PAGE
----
3. Remove stop words. Some words occur very frequently, but don’t actually add much meaning to the sentence. Removing these words reduces a lot of variation in texts. Words like ‘the’, ‘a’, ‘and’, ‘for’ or ‘he’ don’t carry too much weight, and can therefore be omitted. There are standard lists of stopwords available, and you can always add your own custom words if there are other words that occur too frequently without providing extra meaning. Removing stop words will reduce the amount of data and ensure that the remaining words actually contribute to the meaning of the text.
  4. The other extreme involves removing very rare words. Some words appear infrequently, and thus it is difficult to label their meaning. It really depends on the case you’re working on. Depending on each case, you would want to keep them, while sometimes it is better to remove them. Carefully consider the added benefit from removing or keeping rare words.
  5. Remove punctuation. Besides letters, there are a lot of extra symbols in a written document. But again, these only add to the variability of the texts and combinations of words. They may make a text readable to a human, but they won’t help a computer program extract meaning from texts.
  6. Generalize types of words. Sometimes, texts might contain words or numbers that signal a category, such as email addresses and mobile phone numbers. Every phone number is different, but it’s always a set combination of numbers. For your use case it might not be useful in a use case to recognize individual telephone numbers, but it could be helpful to label the telephone numbers. To put this into practice, you could replace all telephone numbers with the same standard phrase. That way, you reduce the variability, but you’ll keep the most relevant information.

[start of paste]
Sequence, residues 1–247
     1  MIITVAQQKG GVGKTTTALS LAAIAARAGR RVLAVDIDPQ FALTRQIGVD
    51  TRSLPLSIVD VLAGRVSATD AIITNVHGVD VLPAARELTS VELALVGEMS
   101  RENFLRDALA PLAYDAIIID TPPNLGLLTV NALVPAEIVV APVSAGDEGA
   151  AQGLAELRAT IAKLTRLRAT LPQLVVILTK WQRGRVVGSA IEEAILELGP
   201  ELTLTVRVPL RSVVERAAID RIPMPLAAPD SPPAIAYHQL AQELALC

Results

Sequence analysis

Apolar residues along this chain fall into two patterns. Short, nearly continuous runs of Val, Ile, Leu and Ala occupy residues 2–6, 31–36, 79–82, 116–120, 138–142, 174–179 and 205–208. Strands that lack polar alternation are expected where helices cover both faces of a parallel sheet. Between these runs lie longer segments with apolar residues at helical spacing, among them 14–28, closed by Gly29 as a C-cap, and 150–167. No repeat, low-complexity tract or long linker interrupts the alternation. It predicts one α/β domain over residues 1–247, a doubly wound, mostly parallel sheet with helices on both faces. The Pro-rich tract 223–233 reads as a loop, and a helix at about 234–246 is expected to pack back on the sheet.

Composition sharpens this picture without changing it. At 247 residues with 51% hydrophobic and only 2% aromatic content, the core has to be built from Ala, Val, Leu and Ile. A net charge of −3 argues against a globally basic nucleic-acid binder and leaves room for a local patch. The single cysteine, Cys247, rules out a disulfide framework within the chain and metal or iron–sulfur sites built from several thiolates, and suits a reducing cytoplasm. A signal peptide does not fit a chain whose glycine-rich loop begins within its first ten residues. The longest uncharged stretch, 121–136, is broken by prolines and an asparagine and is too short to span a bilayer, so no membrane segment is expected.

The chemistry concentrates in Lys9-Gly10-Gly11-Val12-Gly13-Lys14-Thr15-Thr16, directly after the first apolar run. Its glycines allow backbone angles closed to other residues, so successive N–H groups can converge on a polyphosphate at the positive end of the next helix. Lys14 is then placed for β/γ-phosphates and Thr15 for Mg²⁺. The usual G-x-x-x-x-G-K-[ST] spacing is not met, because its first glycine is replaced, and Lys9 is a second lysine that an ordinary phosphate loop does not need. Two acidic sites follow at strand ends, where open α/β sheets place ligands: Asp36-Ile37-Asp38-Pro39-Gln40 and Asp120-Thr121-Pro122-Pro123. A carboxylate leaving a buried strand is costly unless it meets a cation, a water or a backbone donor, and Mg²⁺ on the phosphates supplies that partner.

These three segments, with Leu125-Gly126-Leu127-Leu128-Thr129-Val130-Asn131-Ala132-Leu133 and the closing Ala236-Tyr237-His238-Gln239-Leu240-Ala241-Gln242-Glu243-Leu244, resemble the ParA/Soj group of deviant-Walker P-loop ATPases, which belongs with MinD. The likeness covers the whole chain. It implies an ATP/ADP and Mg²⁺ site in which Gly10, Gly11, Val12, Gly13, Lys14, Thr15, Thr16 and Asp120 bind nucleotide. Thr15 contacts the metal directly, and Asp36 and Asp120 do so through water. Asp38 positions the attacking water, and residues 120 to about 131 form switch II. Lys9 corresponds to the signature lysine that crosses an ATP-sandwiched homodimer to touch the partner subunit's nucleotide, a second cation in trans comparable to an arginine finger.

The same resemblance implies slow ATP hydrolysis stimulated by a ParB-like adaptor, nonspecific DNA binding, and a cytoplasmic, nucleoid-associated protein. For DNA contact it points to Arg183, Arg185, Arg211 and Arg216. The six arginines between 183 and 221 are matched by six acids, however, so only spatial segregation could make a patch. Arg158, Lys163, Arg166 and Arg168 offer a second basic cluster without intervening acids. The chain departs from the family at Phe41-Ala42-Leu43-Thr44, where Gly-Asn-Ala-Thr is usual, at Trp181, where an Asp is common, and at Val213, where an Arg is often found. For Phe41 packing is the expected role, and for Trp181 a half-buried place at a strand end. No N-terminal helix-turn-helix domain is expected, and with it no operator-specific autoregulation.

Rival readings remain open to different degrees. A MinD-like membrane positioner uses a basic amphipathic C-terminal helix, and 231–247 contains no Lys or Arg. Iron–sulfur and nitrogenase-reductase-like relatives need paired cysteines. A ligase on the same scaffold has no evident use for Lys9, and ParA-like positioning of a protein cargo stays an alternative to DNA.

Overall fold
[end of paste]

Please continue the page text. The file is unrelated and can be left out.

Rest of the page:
Retrieving Insights from Cleaned Text

All of these techniques are the first essential steps in working with text data. Executing them results in a clean organized dataset based on the original text. The next stage requires retrieving insights from the cleaned text.

Data scientists use two techniques when they start working with cleaned text data.

  • Bag-of-words model (BOW). This model helps you represent your text as a collection of the words; this keeps the frequency of words as a factor while removing the grammar. It’s one of the most basic, but very effective, methods of representing a text. It’s frequently used in document classification.
  • Term Frequency – Inverse Document Frequency (TF-IDF). TF-IDF is a step higher up from the bag-of-words model. While the BOW only takes the frequency of a word into account, TF-IDF also accounts for a word’s relative importance. It does this by increasing the TF-IDF value proportionally based on the frequency of a word and then adjusting this by reviewing the number of documents containing that word. It’s a simple, yet brilliant technique, and it’s often used to weigh terms while document searching.

NPL: Evolving and Expanding

Though BOW and TF-IDF may be basic, they are both still used and can help you gain immediate insights about your texts. These two techniques will be your first steps in your text mining adventure. Once these are mastered comes the really exciting stuff; their output is the raw material used to train machine learning models. These are just the basics of text mining, but there is a whole field of Natural Language Processing (NLP) that is expanding and evolving at the speed of technology. In this blog you can read more about advanced natural language processing techniques.